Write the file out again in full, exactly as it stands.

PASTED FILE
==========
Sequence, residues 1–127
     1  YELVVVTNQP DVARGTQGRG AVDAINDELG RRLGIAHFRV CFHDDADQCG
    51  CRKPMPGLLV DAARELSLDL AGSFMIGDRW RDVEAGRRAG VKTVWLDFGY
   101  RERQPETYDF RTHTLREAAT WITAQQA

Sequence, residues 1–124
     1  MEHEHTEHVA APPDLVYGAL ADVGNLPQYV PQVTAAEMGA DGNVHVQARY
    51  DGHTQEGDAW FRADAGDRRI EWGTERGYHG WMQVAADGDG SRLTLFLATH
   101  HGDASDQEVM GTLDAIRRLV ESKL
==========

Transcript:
Sequence, residues 1–127
     1  YELVVVTNQP DVARGTQGRG AVDAINDELG RRLGIAHFRV CFHDDADQCG
    51  CRKPMPGLLV DAARELSLDL AGSFMIGDRW RDVEAGRRAG VKTVWLDFGY
   101  RERQPETYDF RTHTLREAAT WITAQQA

Sequence, residues 1–124
     1  MEHEHTEHVA APPDLVYGAL ADVGNLPQYV PQVTAAEMGA DGNVHVQARY
    51  DGHTQEGDAW FRADAGDRRI EWGTERGYHG WMQVAADGDG SRLTLFLATH
   101  HGDASDQEVM GTLDAIRRLV ESKL